The first and most visually stunning of these occurs when the fairy queen Titania (Bebe Neuwirth) retires to her "flowery bed," in this case by joining with her flitting entourage in bringing down hundreds of rose petals from every available window into the heavens. Before long, they've coated the entire stage — and almost her entire body — in their satiny redness, and soothed your own anxious spirits by convincing you that there may be some compelling color to be found here after all. She's shortly to be woken to the sight of man with an ass's head, one Bottom by name (who's played by Steven Skybell), which will cause all sorts of other complications, but for now life is bliss.
All the mischief is brought about, of course, by Titania's king, Oberon (Anthony Heald), and his faithful servant Puck (Taylor Mac), who incite their games by way of the famous flower that, when rubbed on a person's eyes, causes him or her to fall hopelessly in love with the next being glimpsed. Their meddling brings about the second of this production's most involving moments, when Grecians Lysander and Demetrius (Nick Gehlfuss and Jordan Dean), florally infected, are competing over their love for Helena (Halley Wegryn Gross), much to the chagrin of Hermia (Christina Ricci), who thought her love with Lysander was eternal.
The men, who by this time have stripped down to just their skimpy underwear (don't ask), lay into each other in every conceivable way, before finally circling around the other like rabid wolves, each bearing a woman on his shoulders, who in turn bares her claws to screech into a vicious catfight with her rival. This isn't just dramatically intense, it's intensely funny, all their problems physicalized to such an extent that you understand, in a way that few other productions make abundantly clear, how the straitlaced civility of the city is useless in the wilderness through which they're wandering. And their exhaustive (and exhausting) struggle demonstrates just how seriously these four take what little romance they can get.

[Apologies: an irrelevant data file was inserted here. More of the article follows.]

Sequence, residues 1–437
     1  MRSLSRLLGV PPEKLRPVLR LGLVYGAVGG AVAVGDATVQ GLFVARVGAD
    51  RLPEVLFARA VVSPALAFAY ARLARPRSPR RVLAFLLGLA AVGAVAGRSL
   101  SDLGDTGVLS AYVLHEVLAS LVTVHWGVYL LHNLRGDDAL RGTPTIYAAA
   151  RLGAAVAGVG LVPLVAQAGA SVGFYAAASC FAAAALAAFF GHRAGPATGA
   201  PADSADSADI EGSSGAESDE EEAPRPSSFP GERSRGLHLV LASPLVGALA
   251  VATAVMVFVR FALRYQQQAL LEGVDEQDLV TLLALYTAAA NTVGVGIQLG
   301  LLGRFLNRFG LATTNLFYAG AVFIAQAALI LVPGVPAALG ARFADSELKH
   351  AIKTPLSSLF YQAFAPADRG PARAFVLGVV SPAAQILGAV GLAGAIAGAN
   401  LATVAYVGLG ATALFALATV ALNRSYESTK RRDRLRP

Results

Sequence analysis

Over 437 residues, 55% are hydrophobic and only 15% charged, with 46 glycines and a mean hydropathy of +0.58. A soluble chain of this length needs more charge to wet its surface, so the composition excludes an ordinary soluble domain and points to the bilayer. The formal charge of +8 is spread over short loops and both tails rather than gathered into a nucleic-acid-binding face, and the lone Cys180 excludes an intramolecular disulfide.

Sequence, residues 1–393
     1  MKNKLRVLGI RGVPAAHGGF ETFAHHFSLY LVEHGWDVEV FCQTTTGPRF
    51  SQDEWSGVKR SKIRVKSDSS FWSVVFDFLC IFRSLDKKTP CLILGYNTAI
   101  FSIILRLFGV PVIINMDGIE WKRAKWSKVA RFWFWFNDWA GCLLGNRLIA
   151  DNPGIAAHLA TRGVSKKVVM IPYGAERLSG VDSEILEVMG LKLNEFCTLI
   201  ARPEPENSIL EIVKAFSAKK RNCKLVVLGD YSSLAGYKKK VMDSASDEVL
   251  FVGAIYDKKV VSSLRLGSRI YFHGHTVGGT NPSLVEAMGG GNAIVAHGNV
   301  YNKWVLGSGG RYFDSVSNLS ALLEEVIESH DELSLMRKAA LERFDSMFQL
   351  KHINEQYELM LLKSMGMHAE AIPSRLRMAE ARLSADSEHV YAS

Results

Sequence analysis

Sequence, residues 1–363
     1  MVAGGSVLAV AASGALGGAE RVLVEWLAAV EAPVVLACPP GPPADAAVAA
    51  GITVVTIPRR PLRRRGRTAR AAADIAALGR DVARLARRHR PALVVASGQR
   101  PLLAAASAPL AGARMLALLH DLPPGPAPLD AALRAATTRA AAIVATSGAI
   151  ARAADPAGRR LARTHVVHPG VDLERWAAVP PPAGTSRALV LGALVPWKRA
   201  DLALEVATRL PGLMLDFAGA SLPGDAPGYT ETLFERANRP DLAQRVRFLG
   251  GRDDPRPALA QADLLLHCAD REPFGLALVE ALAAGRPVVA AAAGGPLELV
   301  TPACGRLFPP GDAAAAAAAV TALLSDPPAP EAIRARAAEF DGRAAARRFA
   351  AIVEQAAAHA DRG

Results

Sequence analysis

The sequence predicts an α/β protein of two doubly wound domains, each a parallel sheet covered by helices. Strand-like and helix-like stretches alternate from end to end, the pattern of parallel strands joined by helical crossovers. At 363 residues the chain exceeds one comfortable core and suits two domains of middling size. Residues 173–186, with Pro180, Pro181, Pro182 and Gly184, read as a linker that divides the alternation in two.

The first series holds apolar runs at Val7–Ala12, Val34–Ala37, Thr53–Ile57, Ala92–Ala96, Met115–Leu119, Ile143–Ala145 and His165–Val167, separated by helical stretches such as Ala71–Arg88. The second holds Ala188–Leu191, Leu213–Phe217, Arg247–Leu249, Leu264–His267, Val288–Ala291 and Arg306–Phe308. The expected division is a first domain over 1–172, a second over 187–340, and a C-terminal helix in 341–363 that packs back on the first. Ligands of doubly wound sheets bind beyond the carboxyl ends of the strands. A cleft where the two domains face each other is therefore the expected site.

Unfortunately, that's about the extent of the delights of this Midsummer, which is strangely leaden as far as, well, pretty much everything else. Speciale has tinkered with the text, more than a little, and encouraged a lot of contemporary ad-libbing (particularly from Puck) that spoils the script's prevailing lyricism. There's also a severe lack of balance to the evening, with some 105 minutes passing before intermission, leaving no one any opportunity to rediscover the pacing that might keep the second, skimpy section from being turgid.
That would be difficult in any event as so much of it is consumed with Bottom and the other rude mechanicals performing their take on Pyramus and Thisbe. Usually the comic highlight of the evening, here it gets almost no laughs, at least as compared to the far more daring lovers' spat from just a few scenes before. It's almost as if it's not even supposed to be funny, as Speciale has reconceived the group as an avant-garde, musical theater performance art sextet (leader Peter Quince, gamely played by Rob Yang, constantly strums dissonant notes on his guitar for no discernible reason), something that doesn't exactly inspire hilarity. Even ever-reliable David Greenspan, as the male actor who plays the female Thisbe, can barely eke out titters; something is definitely wrong.
That would be Speciale's tangled concept, which develops the dream metaphor beyond his ability to support it. His idea is that the slumbering lovers bring the shades of those in the real-life court — Theseus (Heald), his new bride Hippolyta (Neuwirth), and their steward Egeus (Mac) — to the woods, and work out their problems while slumbering. But how that works, or how the mechanicals become involved, is never clarified in the staging. And why do all the actors jointly deliver the epilogue, when only Puck (its traditional speaker) is portrayed as an agent of change? Almost everything, including Mark Wendland's dyspeptic tire-underbrush set an Andrea Lauer's scattershot costumes, is confusing. (Tyler Micoleau's lights manage to strike the right notes.)
The acting is a mixed bag as well. Heald is excellent and authoritative, if a bit underseasoned, as Oberon; and the lovers hit all their marks, although it's often more difficult than it should be to distinguish between Lysander and Demetrius (in their roles here, both Gehlfuss and Dean are exceedingly tall, red-headed, gym-carved, and essentially personality-free). But everyone else, from the stiff and stony Neuwirth, who doesn't convey much dangerous passion as the dominatrix-styled Titania, to especially Mac, who's almost unbearably coy as he cross-dresses and hams his way through Puck, fails to ignite sparks.
Granted, how much heat should you need in a play called A Midsummer Night's Dream? More than this, it turns out. Speciale's take might pay more dividends if he drew greater distinctions between the living and the dream worlds beyond the flower fields through which they romp. But none of the actors looks ablaze with conviction, and too often that makes what should be one of theater's most warming titles so chilly that a jacket should be required for entry into the theater.
A Midsummer Night's Dream